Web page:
Yet more evidence came this week as President Obama and Mitt Romney campaigned in the Midwest, both substituting shamelessness for substance.

In Iowa, Obama attacked Romney for wanting to eliminate a tax subsidy for wind farms. Wind generates about a fifth of Iowa’s electricity, and the resulting revenues have convinced even Rep. Steve King (R), perhaps the state’s most obnoxious conservative, to support continuing the billion-dollar-a-year federal handout , which is scheduled to lapse at the end of the year.

Except that the tax subsidy — known as the production tax credit or PTC — is an expensive policy with all the sophistication of a neanderthal. It gives wind operations a flat credit for every kilowatt-hour of electricity they produce — regardless of whether the grid needs it at any given moment or whether those operations have done anything to bring down costs. The consequence is a subsidy that demands no cost-saving innovation of the wind industry and fails to account for the real world of running a power grid. And Americans’ tax dollars and utility payments are paying for the excess costs.

Even ardent environmentalists will admit that the PTC is a boneheaded way to subsidize wind, and that there are much better green policies on the shelf. But you wouldn’t have known that from the president’s philippic describing how Romney wants to kill wind power and doesn’t understand the economy of the future.

Still, at least Obama wants to move in the right direction — reducing dependence on the dirtiest of fossil fuels — even if he favors unnecessarily squandering national wealth in the process. Romney, by contrast, has become shockingly retrograde.

In front of the Ohio Valley’s Century Mine, Romney accused Obama of waging a “war on coal.” “We have 250 years of coal,” Romney said. “Why in the heck wouldn’t we use it?” For starters, coal is about the worst of the worst on greenhouse emissions, which contribute to global warming. But let’s set that aside. There’s also the toxic mixture of fine particles and gases that coal-fired power plants produce, exacting a real but hard-to-quantify toll on Americans’ quality of life in the form of asthma, coronary disease, heart attacks and early death. Coal kills a lot more people than nuclear power ever has. Just transitioning to cleaner — and, now, cheaper — natural gas would do a lot of good.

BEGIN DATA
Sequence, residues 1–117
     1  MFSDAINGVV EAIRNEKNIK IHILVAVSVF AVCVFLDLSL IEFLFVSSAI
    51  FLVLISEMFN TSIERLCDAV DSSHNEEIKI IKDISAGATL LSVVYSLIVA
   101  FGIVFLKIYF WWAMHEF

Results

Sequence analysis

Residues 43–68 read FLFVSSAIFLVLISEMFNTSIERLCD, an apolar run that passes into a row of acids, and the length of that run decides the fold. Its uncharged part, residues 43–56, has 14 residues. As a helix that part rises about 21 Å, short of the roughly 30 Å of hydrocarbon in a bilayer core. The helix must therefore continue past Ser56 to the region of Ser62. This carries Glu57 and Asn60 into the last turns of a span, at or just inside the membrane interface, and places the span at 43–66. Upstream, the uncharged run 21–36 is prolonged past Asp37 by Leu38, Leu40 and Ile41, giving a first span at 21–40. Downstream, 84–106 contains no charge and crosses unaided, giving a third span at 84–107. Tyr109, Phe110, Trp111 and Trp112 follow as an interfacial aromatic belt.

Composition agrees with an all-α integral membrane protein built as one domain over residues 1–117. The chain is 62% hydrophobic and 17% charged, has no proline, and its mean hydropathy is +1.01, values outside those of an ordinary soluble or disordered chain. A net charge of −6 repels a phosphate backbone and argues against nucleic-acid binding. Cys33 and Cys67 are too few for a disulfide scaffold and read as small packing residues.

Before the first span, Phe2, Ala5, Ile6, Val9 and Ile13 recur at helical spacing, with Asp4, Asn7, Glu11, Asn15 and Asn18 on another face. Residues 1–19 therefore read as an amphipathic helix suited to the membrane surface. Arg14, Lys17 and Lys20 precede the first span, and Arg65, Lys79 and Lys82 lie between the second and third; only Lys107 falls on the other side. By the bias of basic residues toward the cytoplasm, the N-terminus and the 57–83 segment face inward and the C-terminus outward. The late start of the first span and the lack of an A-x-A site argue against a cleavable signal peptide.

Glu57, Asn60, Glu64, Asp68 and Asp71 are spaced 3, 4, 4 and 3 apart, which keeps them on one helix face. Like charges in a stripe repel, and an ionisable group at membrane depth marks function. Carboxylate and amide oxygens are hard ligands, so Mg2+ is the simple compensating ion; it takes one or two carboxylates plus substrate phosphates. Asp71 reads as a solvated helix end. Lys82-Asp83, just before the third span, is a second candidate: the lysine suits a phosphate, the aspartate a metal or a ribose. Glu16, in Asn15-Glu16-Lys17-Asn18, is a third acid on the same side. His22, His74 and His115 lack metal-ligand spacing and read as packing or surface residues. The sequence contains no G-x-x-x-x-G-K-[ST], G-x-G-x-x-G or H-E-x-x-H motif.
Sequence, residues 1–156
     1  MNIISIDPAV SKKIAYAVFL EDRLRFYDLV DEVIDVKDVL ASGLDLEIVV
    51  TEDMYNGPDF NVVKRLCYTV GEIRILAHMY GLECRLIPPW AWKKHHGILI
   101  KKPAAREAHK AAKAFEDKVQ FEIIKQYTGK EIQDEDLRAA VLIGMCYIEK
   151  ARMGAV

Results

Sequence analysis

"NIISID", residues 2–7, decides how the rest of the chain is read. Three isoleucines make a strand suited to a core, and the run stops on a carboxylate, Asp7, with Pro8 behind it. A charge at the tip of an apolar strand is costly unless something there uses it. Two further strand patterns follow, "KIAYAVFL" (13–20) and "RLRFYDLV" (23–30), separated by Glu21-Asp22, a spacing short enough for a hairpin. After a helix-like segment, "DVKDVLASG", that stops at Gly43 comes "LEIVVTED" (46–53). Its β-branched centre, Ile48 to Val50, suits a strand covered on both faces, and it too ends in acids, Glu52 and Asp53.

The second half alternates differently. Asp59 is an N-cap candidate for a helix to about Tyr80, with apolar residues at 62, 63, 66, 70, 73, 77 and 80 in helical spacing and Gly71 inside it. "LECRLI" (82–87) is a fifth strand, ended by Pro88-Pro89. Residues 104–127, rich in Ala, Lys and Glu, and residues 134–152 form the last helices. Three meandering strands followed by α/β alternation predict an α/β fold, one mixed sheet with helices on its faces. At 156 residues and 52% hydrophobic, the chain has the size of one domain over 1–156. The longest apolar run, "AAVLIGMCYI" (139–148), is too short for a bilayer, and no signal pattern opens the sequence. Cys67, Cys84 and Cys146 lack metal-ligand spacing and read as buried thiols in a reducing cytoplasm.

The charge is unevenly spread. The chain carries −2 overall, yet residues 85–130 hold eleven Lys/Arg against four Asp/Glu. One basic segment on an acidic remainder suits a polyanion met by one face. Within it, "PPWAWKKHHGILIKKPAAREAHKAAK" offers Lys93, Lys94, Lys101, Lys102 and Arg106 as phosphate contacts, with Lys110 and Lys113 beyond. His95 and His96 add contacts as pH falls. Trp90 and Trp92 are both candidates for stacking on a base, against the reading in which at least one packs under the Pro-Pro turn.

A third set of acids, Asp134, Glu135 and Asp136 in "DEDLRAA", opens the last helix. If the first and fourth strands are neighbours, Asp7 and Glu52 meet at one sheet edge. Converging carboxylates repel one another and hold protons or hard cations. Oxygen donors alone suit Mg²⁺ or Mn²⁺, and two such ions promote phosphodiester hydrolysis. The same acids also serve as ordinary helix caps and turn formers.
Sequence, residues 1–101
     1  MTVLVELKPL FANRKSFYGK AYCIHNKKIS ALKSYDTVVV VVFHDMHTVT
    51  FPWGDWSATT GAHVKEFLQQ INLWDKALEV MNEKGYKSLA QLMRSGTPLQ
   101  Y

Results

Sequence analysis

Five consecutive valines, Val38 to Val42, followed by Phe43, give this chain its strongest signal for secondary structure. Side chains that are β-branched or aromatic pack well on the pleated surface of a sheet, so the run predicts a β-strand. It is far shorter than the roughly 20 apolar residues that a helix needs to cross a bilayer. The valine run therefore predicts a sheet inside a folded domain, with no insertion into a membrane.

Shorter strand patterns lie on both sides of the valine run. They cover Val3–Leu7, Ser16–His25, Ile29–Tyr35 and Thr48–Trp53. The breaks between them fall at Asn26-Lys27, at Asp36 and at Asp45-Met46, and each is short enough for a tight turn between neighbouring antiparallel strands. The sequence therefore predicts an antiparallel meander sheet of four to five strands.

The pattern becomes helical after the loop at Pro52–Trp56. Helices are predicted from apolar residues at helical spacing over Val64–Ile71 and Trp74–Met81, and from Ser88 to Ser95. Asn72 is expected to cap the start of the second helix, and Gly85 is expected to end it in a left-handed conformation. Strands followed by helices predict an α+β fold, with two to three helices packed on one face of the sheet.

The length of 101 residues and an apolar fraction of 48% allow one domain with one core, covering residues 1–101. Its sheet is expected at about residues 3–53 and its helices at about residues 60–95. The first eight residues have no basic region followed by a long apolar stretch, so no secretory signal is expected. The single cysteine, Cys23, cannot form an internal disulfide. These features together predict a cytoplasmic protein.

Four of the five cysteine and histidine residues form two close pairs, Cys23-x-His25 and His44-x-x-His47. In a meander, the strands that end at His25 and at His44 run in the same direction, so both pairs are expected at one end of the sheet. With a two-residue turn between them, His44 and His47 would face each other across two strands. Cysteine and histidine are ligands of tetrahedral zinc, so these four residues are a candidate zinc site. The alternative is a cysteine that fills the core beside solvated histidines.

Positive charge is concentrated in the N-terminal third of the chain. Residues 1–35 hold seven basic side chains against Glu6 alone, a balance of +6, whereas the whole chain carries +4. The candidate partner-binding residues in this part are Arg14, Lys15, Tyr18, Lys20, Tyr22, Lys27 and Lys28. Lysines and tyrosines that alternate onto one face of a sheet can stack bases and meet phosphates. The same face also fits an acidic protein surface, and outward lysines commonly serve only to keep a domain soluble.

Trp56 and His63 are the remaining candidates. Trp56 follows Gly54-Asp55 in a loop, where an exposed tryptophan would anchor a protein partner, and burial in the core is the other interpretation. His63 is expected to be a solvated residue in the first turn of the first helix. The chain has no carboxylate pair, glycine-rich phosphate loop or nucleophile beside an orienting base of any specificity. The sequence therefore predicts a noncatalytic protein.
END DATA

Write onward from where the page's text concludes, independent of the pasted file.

And what about “clean coal”? Both Romney and Obama have promoted some form of the idea, but that’s just more pandering. The technology hasn’t been proven to work at the scale we need without costing massive amounts of money.

No politician should be saying anything nice about coal. America still depends on it, but that’s not a good thing. Romney’s ringing endorsement of burning it for the next 250 years is horrifying — both for what such a future would mean for the planet, and for the lengths Romney is going to appeal to the naked self-interest of a group of voters in a swing state.

Perhaps the most dishonest thing about how American politicians have used energy policy in the last couple years is that they turn to the subject whenever they want to seem very serious. Vote for me — I’m going to keep the lights on and the economy humming, and the other guy is too blinded by ideology to recognize the very realistic policy I’m proposing, which is not-at-all painful to you. But energy policy involves lots of confusing details and tradeoffs, affecting Americans’ wallets and health. Instead of dealing forthrightly with the tension between caring for the environment and keeping power bills down, they propose tossing cash at wind without mentioning the costs, or burning more coal without mentioning global warming. Politicians’ self-righteousness on energy just makes their small proposals seem even more pathetic.